In historic times the Indians lived the broad expanse of Americas heartland between the Mississippi River and the Rocky Mountains, and from the Saskatchewan River Basin in Canada to Central Texas. Both their culture and history lent themselves to the works of writers and dramatists who romantised the hard riding buffalo hunters and warriors that is the image many of us have of the American Indians today. There were two main sub cultures existing in different parts of the area. The first was the agricultural tribes that lived along the Eastern Plains.
The were known as farmers due to the area being covered in grass making it ideal land to grow their own food. The second sub culture being the Western Plains Indians. They were nomadic and they relied entirely on the products of the buffalo. There were many different tribes of Indians, each having their own language, customs and their own individual grounds. Some of the best known tribes being Sioux, Cheyenne, Arapahos, Nez Perces, Comanche’s and Apaches. When invaded by the whites fighting broke out, as they wanted to claim the land the Indians were living on.
Obviously they resisted, The Sioux and Cheyenne were the first who fought the fiercest to keep the land. The Sioux Indians were the most powerful with great leaders such as Sitting Bull and Crazy Horse. The nomadic groups moved frequently from one campsite to another, following the herds of buffalo. Buffalo was essential to their way of life. It provided the main necessities needed by the Indians. Buffalo meat was the basic diet, along with a few wild berries. The skin was used for clothes such as moccasins and buffalo hide was used for the shelter of the teepee and the dung was used to fuel the fires.
The most important item made from buffalo was the shield which was very important when it came to war. A buffalo hunt was very exciting. It was male only and as the women had a different role within the tribe. A young male Indian wanting to gain a good reputation and a name for himself would go on his first hunt to impress his fellow tribe members and his future wife. This was considered to be a very important event for a Brave. The hunt was dangerous. The buffalo and the horses trampled many men. The Spaniards were responsible for the introduction of the horse.
As they moved northwards through Mexico during the 16th Century, they brought herds of livestock with them. They tried to keep the horses out of the hands of the natives they met, but some Indians learned to ride them and frequently stole the horses to take back to their tribe. They were very good at taming and handling the animals and taught one another exactly what to do. Indian children would be strapped to a horse before they could even walk as they played a major part in the Indian way of life. They were now able to hunt the buffalo more efficiently and fight in war due to this new transportation they had found.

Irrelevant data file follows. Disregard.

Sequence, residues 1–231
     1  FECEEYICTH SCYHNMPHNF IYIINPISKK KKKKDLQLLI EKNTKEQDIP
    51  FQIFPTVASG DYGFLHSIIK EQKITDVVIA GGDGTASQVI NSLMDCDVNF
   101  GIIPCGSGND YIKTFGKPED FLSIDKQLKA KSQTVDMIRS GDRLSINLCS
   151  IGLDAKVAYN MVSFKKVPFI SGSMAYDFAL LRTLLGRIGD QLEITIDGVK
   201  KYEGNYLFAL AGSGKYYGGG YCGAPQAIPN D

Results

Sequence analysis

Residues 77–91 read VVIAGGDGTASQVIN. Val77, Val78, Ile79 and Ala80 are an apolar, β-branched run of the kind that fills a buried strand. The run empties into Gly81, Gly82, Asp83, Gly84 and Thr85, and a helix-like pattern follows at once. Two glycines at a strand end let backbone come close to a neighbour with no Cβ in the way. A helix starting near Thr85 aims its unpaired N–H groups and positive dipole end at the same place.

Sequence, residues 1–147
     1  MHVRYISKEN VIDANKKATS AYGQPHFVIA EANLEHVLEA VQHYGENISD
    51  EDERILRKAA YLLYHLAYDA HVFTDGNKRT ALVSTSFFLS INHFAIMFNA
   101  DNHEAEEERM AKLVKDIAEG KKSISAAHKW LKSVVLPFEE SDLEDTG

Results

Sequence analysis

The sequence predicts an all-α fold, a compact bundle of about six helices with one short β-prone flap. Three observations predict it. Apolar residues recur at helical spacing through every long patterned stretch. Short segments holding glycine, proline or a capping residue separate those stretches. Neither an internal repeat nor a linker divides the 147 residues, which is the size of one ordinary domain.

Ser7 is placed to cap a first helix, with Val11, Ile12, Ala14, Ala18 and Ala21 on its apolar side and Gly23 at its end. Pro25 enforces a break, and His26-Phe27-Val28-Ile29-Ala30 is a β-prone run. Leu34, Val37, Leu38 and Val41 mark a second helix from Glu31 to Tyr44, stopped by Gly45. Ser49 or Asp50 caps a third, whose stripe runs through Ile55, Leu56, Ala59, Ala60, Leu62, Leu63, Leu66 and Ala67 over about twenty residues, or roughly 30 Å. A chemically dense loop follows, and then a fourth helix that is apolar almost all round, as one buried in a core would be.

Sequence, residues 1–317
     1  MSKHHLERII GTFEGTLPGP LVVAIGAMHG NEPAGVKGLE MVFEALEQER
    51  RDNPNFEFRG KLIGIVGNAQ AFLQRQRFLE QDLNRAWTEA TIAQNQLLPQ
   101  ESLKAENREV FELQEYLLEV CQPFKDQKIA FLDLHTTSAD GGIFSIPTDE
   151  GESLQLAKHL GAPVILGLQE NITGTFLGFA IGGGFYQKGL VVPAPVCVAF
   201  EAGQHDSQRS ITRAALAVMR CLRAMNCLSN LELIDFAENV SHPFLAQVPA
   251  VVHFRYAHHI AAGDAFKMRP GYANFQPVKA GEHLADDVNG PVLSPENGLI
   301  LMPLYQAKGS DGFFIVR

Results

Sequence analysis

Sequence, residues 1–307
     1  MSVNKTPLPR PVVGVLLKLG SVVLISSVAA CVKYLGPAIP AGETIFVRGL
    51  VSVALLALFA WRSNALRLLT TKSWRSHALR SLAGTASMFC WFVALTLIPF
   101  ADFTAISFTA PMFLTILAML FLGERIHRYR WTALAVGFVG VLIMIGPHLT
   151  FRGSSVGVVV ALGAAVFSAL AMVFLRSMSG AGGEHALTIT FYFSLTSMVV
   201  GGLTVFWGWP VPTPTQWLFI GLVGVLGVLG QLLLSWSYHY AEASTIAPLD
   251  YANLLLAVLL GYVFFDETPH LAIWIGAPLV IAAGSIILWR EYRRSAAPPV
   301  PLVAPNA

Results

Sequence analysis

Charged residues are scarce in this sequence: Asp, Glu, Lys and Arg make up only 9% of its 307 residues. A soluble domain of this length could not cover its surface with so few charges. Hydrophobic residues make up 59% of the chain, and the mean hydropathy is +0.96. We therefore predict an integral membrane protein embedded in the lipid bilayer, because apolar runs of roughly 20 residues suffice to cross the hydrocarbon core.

Each Brave had two horses, one for hunting and another for fighting. The hunting horse was smaller and more agile, like a pony. This made it easier to weave in and out when trying to kill the buffalo. Indians lived it what is called a Teepee. This was the most suitable accommodation as they were always on the move and never in one place for a period of time due to the moving buffalo and changes in climate. They needed to be able to pack up their things and leave in a matter of minutes and with the Teepee they could do this. It was made by constructing poles into a cone shape and draping the buffalo hide over the top for a shelter.
At the top was an adjustable flap to allow smoke to escape and fresh air into their homes. It could be closed during the winter and when it was raining. A fire was lit inside for warmth, cooking and light. This was the only downfall of the Teepee. As the fire burnt inside it could easily set the structure on fire, making them very vulnerable during war as the white men would burn the Indian homes. Due to the lifestyle they lead they tribes often had to follow the buffalo across the Plains. As they moved from place to place in pursuit of food, they often carried their possessions on a travois.
This was a frame consisting of two trailing poles, cross frames were then tied to the poles to make a platform. Items such as Teepee covers, bedding, general camping equipment, young children, the elderly and sick were carried on board. Young babies were carried by their mother in a Cradleboard on their back. Other small items were carried in a Saddlebag attached to the horse. The Plains baby was born within the Teepee. The women’s relatives would be present but not the father or any other male. An aunt fed the baby for the first 4 days, after that the baby spent long hours in a moss packed buckskin bag laced to the cradleboard.